ACLU Says Misguided Constitutional Amendment Hasn't Improved; Measure to Diminish Due Process Rights Unnecessary Change to Constitution

May 9, 2002 12:00 am

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WASHINGTON – Saying that the Constitution should never be modified to diminish individual rights, the American Civil Liberties Union today urged Congress to reject the disingenuously named “Victim’s Rights Amendment.”

“Nothing has changed since this amendment first came up for consideration — it still doesn’t do anything that can’t be achieved through statute,” said Rachel King, an ACLU Legislative Counsel. “Modifying the Constitution in any way – especially if the changes will diminish rights in this country – would be an extremely dangerous move.”

The so-called Victims’ Rights Amendment was the subject of a hearing in the Constitution Subcommittee, chaired by Rep. Steve Chabot (R-OH), of the House Judiciary Committee.

A Republican-controlled Senate rejected the amendment in 2000 after a strong backlash from conservatives, including George Will, and – ironically – several victims and victims’ rights groups. Opposition centered around the amendment’s potential to diminish seriously due process protections in America as well as fears over the enormity of amending the Constitution in a manner that would shrink the rights and freedoms accorded to all Americans.

Critics of the measure have also questioned its supporters’ insistence that it take the form of a constitutional amendment; prominent legal figures in Washington and across the country have pointed out that many of the amendment’s provisions can be implemented by statute. Not since Prohibition has the Constitution been changed in any way that would diminish civil liberty in America.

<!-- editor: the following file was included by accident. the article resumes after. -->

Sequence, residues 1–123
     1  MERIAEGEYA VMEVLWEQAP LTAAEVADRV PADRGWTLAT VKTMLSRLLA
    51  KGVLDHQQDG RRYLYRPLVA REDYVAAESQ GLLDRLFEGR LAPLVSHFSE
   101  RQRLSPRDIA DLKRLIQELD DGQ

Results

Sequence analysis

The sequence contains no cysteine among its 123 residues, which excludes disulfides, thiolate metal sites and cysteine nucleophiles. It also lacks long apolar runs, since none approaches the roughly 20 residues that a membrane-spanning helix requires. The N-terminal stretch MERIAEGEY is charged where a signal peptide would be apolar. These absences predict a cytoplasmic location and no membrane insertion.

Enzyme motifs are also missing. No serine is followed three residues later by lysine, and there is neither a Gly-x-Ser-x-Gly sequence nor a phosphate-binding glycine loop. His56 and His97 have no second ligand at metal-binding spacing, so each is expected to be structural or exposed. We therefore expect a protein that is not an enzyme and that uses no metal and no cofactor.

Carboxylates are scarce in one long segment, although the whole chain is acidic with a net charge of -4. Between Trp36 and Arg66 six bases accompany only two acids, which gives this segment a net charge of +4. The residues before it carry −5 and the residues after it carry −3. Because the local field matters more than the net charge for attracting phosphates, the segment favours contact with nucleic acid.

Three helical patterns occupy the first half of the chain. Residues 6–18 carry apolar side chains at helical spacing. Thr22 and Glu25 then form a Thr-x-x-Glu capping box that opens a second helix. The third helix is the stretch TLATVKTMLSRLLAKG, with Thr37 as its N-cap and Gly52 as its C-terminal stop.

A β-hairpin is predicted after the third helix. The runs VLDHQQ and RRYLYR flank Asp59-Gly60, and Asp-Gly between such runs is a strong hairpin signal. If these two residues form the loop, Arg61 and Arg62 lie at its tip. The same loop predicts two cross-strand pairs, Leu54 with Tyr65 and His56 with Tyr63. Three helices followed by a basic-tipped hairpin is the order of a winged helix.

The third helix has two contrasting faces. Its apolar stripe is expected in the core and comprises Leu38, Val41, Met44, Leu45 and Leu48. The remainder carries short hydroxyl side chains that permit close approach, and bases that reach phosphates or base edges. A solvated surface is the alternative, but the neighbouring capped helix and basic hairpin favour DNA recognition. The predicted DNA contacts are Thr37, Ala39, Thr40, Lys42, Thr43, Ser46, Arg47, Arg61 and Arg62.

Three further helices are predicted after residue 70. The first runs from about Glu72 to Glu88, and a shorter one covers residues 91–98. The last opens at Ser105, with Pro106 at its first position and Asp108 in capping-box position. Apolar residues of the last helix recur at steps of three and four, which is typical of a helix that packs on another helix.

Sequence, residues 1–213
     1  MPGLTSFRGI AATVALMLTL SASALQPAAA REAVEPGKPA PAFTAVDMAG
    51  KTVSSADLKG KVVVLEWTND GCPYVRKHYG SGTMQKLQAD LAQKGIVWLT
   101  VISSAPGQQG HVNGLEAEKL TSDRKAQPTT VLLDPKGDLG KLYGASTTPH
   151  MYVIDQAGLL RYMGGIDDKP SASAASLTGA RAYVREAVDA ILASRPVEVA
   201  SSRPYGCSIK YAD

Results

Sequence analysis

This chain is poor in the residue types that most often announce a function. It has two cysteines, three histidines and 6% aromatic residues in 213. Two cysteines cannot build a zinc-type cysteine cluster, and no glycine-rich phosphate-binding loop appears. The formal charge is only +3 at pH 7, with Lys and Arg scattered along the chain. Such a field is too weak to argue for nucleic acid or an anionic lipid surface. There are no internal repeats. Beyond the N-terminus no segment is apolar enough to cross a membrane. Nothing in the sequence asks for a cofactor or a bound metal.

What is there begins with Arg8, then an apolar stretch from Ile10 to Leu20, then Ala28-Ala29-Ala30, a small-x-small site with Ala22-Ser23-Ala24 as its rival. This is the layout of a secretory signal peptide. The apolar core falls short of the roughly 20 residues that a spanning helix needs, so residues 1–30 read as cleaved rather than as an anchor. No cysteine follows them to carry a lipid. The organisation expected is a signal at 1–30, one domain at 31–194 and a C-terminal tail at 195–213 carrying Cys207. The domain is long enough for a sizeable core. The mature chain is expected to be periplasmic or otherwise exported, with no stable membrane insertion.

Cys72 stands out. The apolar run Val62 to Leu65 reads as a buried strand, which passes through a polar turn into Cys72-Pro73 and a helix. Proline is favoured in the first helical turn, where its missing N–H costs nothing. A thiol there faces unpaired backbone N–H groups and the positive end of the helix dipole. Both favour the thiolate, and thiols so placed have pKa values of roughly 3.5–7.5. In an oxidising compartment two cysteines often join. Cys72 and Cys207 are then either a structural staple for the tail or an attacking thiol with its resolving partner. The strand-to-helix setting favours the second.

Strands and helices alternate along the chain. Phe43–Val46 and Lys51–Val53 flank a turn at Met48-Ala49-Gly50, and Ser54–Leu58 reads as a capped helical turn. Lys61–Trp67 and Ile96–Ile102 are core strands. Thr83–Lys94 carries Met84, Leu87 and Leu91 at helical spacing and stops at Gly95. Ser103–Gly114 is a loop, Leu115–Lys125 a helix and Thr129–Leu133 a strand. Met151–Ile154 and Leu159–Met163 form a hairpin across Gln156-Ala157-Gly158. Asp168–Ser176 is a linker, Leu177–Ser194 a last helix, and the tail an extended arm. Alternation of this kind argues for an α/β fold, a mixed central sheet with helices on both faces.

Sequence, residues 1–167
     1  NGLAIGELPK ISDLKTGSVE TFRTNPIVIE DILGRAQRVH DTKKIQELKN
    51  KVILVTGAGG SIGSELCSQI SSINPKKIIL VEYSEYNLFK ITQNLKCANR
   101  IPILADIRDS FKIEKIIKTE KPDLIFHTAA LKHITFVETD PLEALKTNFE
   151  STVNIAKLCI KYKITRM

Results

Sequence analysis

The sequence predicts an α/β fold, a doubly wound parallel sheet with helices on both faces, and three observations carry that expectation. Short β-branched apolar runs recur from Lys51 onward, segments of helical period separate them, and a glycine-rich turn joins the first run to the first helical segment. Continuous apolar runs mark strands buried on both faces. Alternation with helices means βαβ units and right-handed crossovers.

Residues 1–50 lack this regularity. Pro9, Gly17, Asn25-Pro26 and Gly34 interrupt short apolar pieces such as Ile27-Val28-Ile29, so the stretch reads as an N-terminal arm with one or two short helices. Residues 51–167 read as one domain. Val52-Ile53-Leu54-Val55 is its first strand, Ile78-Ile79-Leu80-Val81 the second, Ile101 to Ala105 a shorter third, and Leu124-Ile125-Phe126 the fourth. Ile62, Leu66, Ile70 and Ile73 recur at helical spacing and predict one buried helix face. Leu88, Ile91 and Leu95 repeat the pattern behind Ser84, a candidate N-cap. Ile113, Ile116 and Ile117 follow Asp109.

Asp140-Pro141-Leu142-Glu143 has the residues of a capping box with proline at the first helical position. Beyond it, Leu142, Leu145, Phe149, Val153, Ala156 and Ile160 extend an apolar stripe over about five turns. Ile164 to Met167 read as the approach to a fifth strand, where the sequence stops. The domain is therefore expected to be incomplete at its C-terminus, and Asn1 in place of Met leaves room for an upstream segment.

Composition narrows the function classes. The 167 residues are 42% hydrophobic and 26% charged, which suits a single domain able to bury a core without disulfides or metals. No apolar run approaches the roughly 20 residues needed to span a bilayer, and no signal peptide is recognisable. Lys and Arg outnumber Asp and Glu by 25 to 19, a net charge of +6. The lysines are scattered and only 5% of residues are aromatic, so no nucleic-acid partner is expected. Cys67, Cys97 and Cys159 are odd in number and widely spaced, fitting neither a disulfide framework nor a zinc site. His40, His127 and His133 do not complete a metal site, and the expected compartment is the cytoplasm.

The ACLU said it has three main concerns with the proposed constitutional amendment:

· Victim’s rights are already well protected both in the Constitution and state laws; what is the point of amending the founding documents?

· The proposed amendment is too specific; the Constitution and Bill of Rights were meant to codify broad principles of freedom in America like “freedom of speech” or “freedom of assembly.” Specific prohibitions on freedom are meant to be dealt with in the law books.

· There is a good possibility that, were this to become part of the Constitution, victim’s rights would actually be diminished as the amendment’s unnecessary mandates on police and attorneys begin to hamper effective law enforcement and legal proceedings.

The ACLU’s Letter to the House Judiciary Constitution Subcommittee can be found at:

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